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Among the more cogent critiques of U.S. policy toward Vietnam is the contention that the U.S. failed to recognize in Ho Chi Minh a potential Asian "Tito." This view holds that Ho has always been more concerned with Vietnam's independence and sovereign viability than with following the interests and dictates of Moscow and Peking. With U.S. support, the argument runs, Ho would have adopted some form of neutrality in the East-West conflict and maintained the DRV as a natural and durable bulwark against Chinese expansion southward. Thus, were it not for "U.S. communist blinders," Ho would have served the larger purposes of American policy in Asia. Though the focus of inquiry in this study is the period immediately following World War II, when it would have been relatively easy to support an anti-Japanese, anti-colonial Ho, it is often argued that the U.S. neglected another opportunity after the Geneva Conference of 1954--and indeed, that U.S. acceptance of Ho, and a communist dominated Vietnam, may be the only path to peace in Southeast Asia today. The historical (1945-1954) argument has a persuasive ring. In the light of the present costs and repercussions of U.5. involvement in Vietnam, any prior way out can seem attractive It is possible, however, that a dynamic and unified communist Vietnam under Ho Chi Minh could have been vigorously expansionist, thus causing unanticipated difficult problems in some ways comparable to current ones.
Many authors have advanced one version or another of the "Tito" hypothesis. Some develop the principal thesis that a different U.S. policy could have moved Ho to non-alignment and opposition to Peking; others stress the corollary that Ho was forced into dependence upon Peking and Moscow by American opposition or indifference. Whether Ho was a nationalist or a communist is not at issue; all of the authors quoted seem to accept that Ho was a communist, and that a communist Vietnam would probably have eventuated under his leadership. Rather, their arguments center on what they perceive to be Ho's willingness to subordinate communist goals, forms, and international discipline to attaining Vietnam's independence and unity. A few openly favor a communist Vietnam on the grounds that only a national communism led by Ho would be sufficiently strong to survive adjacent to China. They stress Ho's attempts in 1945 and 1946 to obtain Western backing, and point out that antipathy to China is a pillar of Viet nationalism. Many concede that the Tito analogy is not wholly appropriate. Unlike Tito, Ho came to power after the war - without the aid of another communist state. More basically, there was no analogy to be made until late 1948, when the experiment with Tito seemed like it would work. Nonetheless, these authors point out that if the U.S. found it advantageous to set aside its repugnance to Tito's communism in the interest of stemming Russian expansion in Europe, it should have been willing to accommodate Ho Chi Minh's communism for similar ends in Asia. This critique generally ends with the accusation that the U.S. purpose in Southeast Asia is simply and solely to stop communism.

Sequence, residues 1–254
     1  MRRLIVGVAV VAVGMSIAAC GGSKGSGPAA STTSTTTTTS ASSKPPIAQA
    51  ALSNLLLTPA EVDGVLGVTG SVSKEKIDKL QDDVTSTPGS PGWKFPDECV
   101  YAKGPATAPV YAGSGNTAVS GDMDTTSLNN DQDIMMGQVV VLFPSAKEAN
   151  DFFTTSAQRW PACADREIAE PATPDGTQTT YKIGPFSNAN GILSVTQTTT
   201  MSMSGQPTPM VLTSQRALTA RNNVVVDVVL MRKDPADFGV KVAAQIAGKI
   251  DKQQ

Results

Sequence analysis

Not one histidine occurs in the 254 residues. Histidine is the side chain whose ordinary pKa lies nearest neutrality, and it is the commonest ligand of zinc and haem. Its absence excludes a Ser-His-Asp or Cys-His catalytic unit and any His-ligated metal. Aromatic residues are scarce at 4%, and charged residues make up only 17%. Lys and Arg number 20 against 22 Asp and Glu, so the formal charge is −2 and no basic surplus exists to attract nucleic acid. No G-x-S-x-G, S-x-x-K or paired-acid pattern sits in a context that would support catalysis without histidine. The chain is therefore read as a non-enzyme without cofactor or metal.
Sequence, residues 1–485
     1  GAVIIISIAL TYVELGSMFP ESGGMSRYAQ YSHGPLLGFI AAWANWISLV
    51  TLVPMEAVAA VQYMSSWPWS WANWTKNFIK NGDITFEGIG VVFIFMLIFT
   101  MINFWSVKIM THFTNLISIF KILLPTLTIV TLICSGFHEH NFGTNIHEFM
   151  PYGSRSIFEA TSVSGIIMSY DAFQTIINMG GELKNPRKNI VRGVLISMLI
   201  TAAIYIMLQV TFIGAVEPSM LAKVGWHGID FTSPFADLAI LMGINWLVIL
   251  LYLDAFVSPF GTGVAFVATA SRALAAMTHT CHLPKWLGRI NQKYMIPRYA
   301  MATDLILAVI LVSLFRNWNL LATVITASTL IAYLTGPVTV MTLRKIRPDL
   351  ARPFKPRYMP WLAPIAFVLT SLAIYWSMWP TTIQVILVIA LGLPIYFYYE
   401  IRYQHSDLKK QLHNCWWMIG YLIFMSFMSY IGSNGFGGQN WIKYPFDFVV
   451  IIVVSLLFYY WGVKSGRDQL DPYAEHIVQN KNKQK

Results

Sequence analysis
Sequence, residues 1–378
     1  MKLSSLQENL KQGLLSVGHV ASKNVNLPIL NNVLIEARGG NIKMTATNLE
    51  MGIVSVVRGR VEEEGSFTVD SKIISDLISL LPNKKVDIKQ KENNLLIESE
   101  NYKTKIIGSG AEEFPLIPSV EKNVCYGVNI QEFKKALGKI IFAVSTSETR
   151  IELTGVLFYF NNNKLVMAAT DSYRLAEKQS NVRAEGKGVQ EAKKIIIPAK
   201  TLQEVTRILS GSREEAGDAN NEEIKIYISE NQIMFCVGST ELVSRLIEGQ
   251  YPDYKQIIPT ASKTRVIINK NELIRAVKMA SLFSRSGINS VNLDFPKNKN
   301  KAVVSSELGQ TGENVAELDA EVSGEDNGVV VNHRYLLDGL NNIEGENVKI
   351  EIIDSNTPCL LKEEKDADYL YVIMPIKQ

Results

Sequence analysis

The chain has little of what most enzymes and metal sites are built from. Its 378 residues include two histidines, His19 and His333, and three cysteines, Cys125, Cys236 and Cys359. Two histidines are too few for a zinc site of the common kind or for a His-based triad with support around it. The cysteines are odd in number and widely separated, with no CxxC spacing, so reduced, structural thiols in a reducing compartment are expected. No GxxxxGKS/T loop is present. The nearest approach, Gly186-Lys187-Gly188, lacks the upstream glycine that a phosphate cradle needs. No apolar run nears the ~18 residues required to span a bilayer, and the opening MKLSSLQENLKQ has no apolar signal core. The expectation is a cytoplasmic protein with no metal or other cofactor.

An examination of Ho Chi Minh's political development through 1950 may provide a basis to narrow the range of speculation concerning Ho and U.S. policy. From such a review, it is evident that the man who in 1945 became President of the Democratic Republic of Vietnam was a mature, extraordinarily dedicated revolutionary who had undergone severe hardships serving the cause of Vietnam's freedom from France. Fifty-five years of age in 1945, he had been a communist for twenty-five years, one of the founding members of the French Communist Party, and a Comintern agent in Asia for fifteen years before World Wan II. He was originally of Nghe-An, a province traditionally a spawning ground of revolutionists; of a father imprisoned by the French for nationalist activism; and of a Hue school known for radical nationalism among its students. Exiled from Vietnam from 1910 to 1940, imprisoned in Hong Kong and in China, deprived of home, family, fame, fortune and companionship outside the Comintern's conspiratorial circles, he apparently devoted himself selflessly all those years to revolution in Vietnam. Ruth Fischer, a well-known German former communist who knew Ho during this period, has written, "It was Ho Chi Minh's nationalism which impressed us European Communists born and bred in a rather grey kind of abstract internationalism."
For Ho, now back in Asia, World War II opened new avenues to the attainment of his lifelong goals. France discredited itself in Vietnam through Vichy's collaboration with the Japanese, and then in 1945 was toppled from power altogether by Japanese arms. In the meantime, Ho had built the Viet Minh into the only Vietnam-wide political organization capable of effective resistance to either the Japanese or the French. Ho was the only Vietnamese wartime leader with a national following, and he assured himself wider fealty among the Vietnamese people when in August-September, 1945, he overthrew the Japanese, obtained the abdication of Bao Dai, established the DRV, and staged receptions for in-coming allied occupation force in which the DRV acted as the incumbent Vietnamese government. For a few weeks in September 1945, Vietnam was--for the first and only time in its modern history--free of foreign domination, and united from north to south under Ho Chi Minh.